When Alexis (Félix Lefebvre) capsizes off the coast of Normandy, David (Benjamin Voisin) comes to the rescue and soon opens the younger boy’s eyes to a new horizon of friendship, art and sexual bliss. David’s worldly demeanor and Jewish heritage deliver a jolt to Alexis’s traditional, working class upbringing. After Alexis begins working at the seaside shop owned by David’s mother (Valeria Bruni Tedeschi), the two lovers steal every possible moment for a fugitive kiss, a motorcycle ride or a trip to the cinema. Their relationship is soon rocked by a host of challenges, including an unexpected sexual rival (Philippine Velge) and a romantic oath that transcends life itself.
Summer Of 85 comes to Blu-Ray in a 1080p presentation that is truly stunning. This is a visually rich film with beautiful shots of nature and the city throughout where you can see an incredible amount of detail. The transfer maintains the natural film grain of the Super 16 source format quite handsomely. The film is bursting with vivid colors in nearly every frame with numerous moments that really pop off the screen from the lush nature to some of the neon at the carnival. The interiors are typically a more reserved environment that presents with more moderate tones that the presentation represents perfectly with a pleasing richness. The white levels are handled beautifully, along with the intensely deep blacks that do not appear to suffer from any compression artifacts. The skin tones look very detailed and natural all around. This presentation is definitely a knockout on the Blu-Ray format.
The Blu-Ray disc comes with both a DTS-HD 5.1 and 2.0 Master Audio track in the original French that conjures a very specific mood that transports you to this time period. The film uses music in really fun, powerful ways that fill the room, especially in some of the more bass-heavy tunes. The dialogue comes through crystal clear without ever being overpowered by the sound effects or the score. The sound design is just as precisely thought-out as the on screen visuals with all of the sounds positioned just right in the mix. The environmental effects create a really nice soundscape of nature and the din of the certain crowds. This is not an action-heavy film, but activity in the low end is strong thanks to the music. This is a lovely sounding release that brings the movie to life in a really beautiful way.
- Q&A with François Ozon, Félix Lefebvre and Benjamin Voisin: A 23-minute conversation moderated by Maddie Whittle from Film At Lincoln Center in which Ozon discusses his relationship with the source material, his idea that an American filmmakers would adapt the material, the difference between our feeling of nostalgia and being a “nostalgic” film, establishing the setting of the film, how the actors got involved with the film and settled into the characters, the place of music in the film and more.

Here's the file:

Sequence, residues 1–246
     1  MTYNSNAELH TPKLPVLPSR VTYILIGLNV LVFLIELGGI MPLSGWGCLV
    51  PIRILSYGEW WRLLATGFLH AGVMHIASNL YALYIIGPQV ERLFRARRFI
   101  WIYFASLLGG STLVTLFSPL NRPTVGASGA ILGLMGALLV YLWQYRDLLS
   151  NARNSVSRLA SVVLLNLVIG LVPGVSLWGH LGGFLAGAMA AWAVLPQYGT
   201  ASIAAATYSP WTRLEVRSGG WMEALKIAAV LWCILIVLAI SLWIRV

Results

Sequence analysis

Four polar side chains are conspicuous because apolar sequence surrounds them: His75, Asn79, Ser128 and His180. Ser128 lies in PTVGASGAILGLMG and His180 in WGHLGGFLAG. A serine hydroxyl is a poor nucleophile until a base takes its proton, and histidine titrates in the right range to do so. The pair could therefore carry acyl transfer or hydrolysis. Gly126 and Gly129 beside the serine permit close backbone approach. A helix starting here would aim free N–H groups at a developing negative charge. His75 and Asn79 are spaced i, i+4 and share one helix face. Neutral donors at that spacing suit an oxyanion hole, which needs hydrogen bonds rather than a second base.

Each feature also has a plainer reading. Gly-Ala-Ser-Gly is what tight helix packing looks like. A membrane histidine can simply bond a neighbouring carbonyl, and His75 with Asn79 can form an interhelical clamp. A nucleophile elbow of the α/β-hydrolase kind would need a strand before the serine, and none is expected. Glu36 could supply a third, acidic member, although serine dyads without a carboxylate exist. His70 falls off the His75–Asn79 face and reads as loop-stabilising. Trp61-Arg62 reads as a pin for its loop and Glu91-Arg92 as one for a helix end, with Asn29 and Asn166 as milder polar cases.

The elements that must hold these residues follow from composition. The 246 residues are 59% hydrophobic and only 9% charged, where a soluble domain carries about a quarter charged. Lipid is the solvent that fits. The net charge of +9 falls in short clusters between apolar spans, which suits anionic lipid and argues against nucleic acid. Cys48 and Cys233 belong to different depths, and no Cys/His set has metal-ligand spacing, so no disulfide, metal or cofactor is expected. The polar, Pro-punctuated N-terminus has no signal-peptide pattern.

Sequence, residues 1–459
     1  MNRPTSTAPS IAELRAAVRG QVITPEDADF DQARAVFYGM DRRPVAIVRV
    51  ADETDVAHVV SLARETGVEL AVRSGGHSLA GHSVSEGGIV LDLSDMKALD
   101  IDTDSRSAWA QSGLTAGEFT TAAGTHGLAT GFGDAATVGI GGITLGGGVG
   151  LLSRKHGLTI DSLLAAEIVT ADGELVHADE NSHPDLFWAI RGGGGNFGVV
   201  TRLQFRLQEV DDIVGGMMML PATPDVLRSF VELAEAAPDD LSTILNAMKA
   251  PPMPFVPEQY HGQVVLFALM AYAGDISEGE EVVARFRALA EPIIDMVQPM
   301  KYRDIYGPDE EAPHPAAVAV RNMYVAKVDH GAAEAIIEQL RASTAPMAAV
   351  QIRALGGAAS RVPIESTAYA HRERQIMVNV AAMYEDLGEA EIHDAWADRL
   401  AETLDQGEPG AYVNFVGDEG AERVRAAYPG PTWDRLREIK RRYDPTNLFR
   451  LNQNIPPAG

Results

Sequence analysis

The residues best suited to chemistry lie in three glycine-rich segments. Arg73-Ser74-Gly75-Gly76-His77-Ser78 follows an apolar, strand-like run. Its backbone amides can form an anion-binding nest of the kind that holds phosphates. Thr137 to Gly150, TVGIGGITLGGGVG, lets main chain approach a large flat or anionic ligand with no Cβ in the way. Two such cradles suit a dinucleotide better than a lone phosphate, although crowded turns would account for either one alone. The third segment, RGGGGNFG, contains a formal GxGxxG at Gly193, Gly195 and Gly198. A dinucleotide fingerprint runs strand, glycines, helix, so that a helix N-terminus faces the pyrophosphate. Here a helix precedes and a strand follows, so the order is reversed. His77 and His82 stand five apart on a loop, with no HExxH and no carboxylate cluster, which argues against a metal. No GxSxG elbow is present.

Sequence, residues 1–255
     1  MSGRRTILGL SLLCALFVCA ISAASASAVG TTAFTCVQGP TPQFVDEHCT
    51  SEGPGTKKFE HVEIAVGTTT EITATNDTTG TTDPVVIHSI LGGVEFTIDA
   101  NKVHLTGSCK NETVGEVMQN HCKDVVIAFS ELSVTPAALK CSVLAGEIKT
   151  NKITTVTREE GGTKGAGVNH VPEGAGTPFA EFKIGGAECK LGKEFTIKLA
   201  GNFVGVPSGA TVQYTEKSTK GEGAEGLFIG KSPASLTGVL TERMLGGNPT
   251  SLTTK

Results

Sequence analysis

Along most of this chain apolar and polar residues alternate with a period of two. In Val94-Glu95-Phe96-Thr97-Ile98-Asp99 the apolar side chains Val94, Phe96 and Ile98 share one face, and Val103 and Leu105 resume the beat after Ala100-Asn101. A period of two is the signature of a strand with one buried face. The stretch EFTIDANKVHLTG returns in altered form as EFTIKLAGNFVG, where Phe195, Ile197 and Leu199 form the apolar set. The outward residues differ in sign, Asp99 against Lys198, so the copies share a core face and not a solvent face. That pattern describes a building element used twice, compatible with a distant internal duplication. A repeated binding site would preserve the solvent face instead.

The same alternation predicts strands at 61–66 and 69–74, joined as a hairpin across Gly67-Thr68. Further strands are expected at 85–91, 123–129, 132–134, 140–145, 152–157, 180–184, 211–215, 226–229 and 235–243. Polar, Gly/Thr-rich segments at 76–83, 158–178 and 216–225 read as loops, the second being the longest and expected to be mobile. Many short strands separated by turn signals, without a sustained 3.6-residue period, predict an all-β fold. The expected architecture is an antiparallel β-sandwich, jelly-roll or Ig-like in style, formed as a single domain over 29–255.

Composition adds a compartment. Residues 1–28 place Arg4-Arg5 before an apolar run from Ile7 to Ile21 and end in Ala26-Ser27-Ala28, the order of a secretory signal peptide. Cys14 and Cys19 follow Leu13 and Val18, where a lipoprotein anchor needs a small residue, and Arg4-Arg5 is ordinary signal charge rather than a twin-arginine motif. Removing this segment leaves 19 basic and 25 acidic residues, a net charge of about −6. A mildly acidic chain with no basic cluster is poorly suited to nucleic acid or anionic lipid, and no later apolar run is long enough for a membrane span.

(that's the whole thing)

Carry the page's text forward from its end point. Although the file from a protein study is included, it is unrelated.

- Interview with François Ozon and The Actors: An eleven-minute interview in which Ozon and the actors discusses wanting to make a lighter film after his previous taxing effort, the themes of the film, the period in which the film is set, the structure of the film, what it was like working on the film with one another, the relationship between the leads and more.
- Deleted Scenes: Nine minutes of unused material is included here featuring Alexis trying to avoid having his mom finding out about his accident, the helping of a drunk gentleman, Alexis recovering after a night of partying, additional scenes with Kate and more moments that are worth exploring.
- Outtakes: Nearly 15 minutes of flubbed lines, ruined takes, uncooperative sail boats, alternate line reads and more.
- 35mm and 16mm Film Tests: Two minutes of material comparing the looks of the two different camera formats.
- Light and Costume Tests: Four minutes of footage showing off different costume and lighting choices for the film.
- Dance Choreography: Three minutes of Félix Lefebvre practicing his moves for the “Sailing” sequence.
- Fight Rehearsal: A minute-long look at the performers preparing for their fight scene.
- Poster Gallery: A two-minute look at the different posters that were created for the film.
- Theatrical Trailer: A nearly two-minute trailer for the film is provided here.
- A Summer Dress – Short Film By François Ozon: A 16-minute short film from 1996 which depicts a complicated gay relationship and the surprising developments that happen when a young man meets a Spanish tourist. This is pretty entertaining and a nice companion to the film.
Summer Of 85 is equal parts beautiful, joyful and heartbreaking. The film is the type of love story that we do not get often enough, and it brought to life perfectly through both the two lead performances along with the equally strong ensemble. The film falters somewhat in some of its narrative choices and would likely benefit from a bit of editing, but overall it is an experience that you cherish. Music Box Films Home Entertainment has given this lovely film a Blu-Ray release featuring a top-notch A/V presentation and a surprising amount of special features. Fans of the great François Ozon or just compelling love stories in general should find quite a bit to like here. Recommended
Summer Of 85 will be available to purchase on Blu-Ray and DVD on August 31, 2021. The film is currently available on Digital.
Note: Images presented in this review are not reflective of the image quality of the Blu-Ray.
Disclaimer: Music Box Films Home Entertainment has supplied a copy of this disc free of charge for review purposes. All opinions in this review are the honest reactions of the author.
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Dillon is most comfortable sitting around in a theatre all day watching both big budget and independent movies.